As for what it feels like when I’m approaching the threshold of “a new poem-to-be,” it’s a little harder to say. There are a couple ways this usually unfolds. I write a lot of new poems, and most of them I simply abandon. Often, I’m writing, not because this next poem has any grand ambitions, but because I like making things and this is the one thing that I think I can make. So, I write a lot of things just for the enjoyment of that process itself. With many of these poems, the feeling is something like a type of inquisitiveness, a low-grade wonder, not quite excitement, but a curiosity to see what might happen. Part of my revision process is figuring out what I’m excited about and what to discard. When I’m truly excited about one, when I’ve got a poem that I really want to work on, there’s more of a sense of discovery and possibility. That feeling usually comes from recognizing an inherent metaphor inside the thing I’ve written, a subtext rising to the surface, a sense of the potential for the object to embody the abstraction.

Rumpus: Do you remember the first time—or an early time—when you sensed that potential and realized you were in the process of making a poem? I guess what I’m really asking is a question about your origin story as a poet.

Olzmann: I wasn’t an avid reader of poems in high school. It wasn’t until late in high school that I became interested in reading poems. I was made to read some poems in an English class and, at some point, I slowly started seeing these things as a way to explain complicated things that were happening in the world around me. I mentioned earlier being drawn to poems that take some intangible thing and try to make it tangible, and that is what initially drew me to poems. That’s not just what I’m drawn to now; it’s where the original spark came from. I started feeling that a poem might give me a new way to experience, consider, or understand some shifting emotional aspect of the world or my daily life. Poems helped me make sense of what didn’t make sense.

Around that same time, I started writing. My first attempts at creative writing weren’t things I thought of as poems. They were more like unsent letters or journal entries. Things I wanted to say to people but couldn’t. Or things I wanted to say, but I didn’t have anyone to talk to because I was a little too awkward and odd for people. Or things I thought I should say but thought of too late. It’s like the feeling you might get if someone insults you and you come up with the perfect response twenty minutes later—that’s the feeling I had all the time. And eventually, I started writing these things down. At some point, my interest in reading poems overlapped and merged with my interest in writing things, but I didn’t realize it when that was happening. So, I don’t have a great story about the first time I realized I was writing an actual poem. It wasn’t something I took note of in the moment. It was more of a situation where I didn’t have a label for what I was making, and only later—probably many months after I started writing—did I look back and realize what they were.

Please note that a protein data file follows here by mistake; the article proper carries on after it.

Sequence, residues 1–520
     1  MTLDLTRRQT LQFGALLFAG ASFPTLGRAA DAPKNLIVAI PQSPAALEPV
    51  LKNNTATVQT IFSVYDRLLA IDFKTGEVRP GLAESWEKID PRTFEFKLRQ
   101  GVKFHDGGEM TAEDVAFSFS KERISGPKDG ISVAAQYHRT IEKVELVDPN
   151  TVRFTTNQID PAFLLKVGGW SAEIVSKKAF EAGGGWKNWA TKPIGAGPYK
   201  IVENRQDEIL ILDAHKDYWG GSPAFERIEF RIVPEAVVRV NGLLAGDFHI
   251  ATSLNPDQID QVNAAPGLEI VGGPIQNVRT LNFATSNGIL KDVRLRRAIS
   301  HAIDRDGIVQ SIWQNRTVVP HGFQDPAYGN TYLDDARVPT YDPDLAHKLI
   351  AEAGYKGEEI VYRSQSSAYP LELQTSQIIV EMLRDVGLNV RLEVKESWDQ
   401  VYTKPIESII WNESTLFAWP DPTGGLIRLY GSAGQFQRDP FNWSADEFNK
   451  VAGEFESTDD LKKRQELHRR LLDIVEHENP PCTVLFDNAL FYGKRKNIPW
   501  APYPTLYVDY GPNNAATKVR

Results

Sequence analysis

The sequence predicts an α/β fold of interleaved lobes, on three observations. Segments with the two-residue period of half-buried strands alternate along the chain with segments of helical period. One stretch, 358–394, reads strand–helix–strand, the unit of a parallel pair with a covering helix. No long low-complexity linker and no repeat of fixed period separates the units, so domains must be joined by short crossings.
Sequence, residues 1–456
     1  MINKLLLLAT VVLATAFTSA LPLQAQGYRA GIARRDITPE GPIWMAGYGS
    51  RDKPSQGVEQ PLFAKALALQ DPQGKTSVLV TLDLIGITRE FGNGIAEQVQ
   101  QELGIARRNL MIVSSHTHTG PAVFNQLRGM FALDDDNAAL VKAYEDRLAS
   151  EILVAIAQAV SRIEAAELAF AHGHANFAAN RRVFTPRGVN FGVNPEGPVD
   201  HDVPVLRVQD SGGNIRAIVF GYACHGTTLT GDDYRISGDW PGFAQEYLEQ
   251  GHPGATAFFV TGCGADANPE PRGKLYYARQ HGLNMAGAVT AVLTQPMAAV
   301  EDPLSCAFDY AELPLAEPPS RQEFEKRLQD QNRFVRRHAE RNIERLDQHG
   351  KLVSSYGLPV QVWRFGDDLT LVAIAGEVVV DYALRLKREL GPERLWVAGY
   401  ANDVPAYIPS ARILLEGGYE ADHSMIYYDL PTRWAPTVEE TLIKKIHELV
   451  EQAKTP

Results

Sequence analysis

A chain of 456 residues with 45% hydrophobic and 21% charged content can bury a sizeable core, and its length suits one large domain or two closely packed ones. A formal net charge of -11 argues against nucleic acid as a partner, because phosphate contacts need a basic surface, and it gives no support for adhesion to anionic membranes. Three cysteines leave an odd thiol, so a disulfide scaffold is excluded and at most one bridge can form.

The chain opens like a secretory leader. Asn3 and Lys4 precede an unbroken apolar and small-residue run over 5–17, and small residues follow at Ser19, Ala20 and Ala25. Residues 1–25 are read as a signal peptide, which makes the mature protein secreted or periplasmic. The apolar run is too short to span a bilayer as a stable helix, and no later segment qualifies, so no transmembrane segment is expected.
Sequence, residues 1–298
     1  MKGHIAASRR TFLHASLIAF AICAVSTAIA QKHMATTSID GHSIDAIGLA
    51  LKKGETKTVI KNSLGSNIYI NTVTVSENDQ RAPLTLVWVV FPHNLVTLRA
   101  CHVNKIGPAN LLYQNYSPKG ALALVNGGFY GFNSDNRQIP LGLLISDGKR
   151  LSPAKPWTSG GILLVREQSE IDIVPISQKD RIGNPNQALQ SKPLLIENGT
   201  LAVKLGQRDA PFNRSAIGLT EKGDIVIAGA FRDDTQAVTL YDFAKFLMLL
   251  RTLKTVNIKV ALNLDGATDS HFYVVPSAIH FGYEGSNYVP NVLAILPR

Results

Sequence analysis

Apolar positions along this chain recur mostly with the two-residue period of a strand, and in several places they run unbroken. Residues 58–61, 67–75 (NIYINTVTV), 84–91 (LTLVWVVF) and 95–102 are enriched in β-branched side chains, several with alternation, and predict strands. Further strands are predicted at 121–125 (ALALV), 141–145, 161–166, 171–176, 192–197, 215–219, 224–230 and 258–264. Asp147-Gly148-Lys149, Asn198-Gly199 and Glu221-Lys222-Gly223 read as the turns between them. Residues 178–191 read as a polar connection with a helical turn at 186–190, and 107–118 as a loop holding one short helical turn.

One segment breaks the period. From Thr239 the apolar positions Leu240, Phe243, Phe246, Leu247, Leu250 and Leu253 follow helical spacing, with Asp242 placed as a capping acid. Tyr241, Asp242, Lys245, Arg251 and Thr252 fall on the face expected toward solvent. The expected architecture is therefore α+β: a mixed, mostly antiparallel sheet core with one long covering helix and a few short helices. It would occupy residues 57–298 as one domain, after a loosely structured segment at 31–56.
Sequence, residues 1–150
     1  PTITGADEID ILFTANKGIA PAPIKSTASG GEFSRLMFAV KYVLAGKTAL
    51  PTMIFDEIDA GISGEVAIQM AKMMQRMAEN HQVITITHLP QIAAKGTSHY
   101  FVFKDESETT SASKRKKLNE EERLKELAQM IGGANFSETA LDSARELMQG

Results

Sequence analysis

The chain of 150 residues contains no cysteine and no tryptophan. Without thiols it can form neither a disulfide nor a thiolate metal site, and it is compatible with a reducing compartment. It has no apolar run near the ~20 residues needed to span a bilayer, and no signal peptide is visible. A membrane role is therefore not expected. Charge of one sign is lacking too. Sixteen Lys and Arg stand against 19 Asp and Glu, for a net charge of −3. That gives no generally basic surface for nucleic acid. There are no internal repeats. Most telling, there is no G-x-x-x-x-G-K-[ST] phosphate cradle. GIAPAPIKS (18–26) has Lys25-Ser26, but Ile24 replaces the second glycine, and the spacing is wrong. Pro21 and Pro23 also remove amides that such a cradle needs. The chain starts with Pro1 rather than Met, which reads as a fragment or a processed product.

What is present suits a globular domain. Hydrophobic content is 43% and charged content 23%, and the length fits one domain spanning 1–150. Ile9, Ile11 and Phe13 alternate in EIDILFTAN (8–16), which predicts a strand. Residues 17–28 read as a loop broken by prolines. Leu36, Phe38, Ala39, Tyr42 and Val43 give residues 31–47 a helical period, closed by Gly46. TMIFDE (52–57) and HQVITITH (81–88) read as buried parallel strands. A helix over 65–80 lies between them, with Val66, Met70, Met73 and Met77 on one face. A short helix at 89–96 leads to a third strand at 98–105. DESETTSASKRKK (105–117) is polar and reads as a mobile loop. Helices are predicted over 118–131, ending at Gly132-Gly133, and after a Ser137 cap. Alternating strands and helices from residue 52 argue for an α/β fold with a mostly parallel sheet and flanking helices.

You mentioned that it took you a while to make the connection between “being a poet and actually writing poems.” I get that. For me it took awhile to make the connection between the things I was writing and the name for what they were. But once I made that connection, I remember embracing it with a religious intensity. My friends would ask what I was writing in the notebook I carried around, and where previously I might have said something like “stuff” or “I don’t know” or “song lyrics” (even though I wasn’t in a band), I would now say “poems” as if there were no other possible answer—as if that was the way it had always been.

Rumpus: One paradox of poetry for me is the way making something that helps to illuminate (if not explicitly solve) a mystery is also, often, a mysterious act in itself. Every time I make a poem it feels like the first time in a way—just as exciting and intimidating and certainly just as mysterious.

Could you talk a bit about when the things you were making that you came to recognize as poems began to take the shape of something you recognized as a book that was your first collection of poems, Mezzanines? What was this process of book-making like for you, both assembling a collection of poems for the first time and then ushering it into the world?

Olzmann: The process of making a book has always been strange for me. I don’t really write books; I write poems. I tend to think of the poem as its own entity, a thing that exists independently of the next poem or the previous poem. For me, making a poem is an individual, standalone experience. Because of that, the idea of a book doesn’t really come into the picture until much later. With both of my first two books, Mezzanines and Contradictions in the Design, assembling the collection involved a long process of trial and error, where I’d put poems next to each other and ask how or if they spoke to one another. The poems were often varied in terms of tone, and the subject matter was frequently varied as well.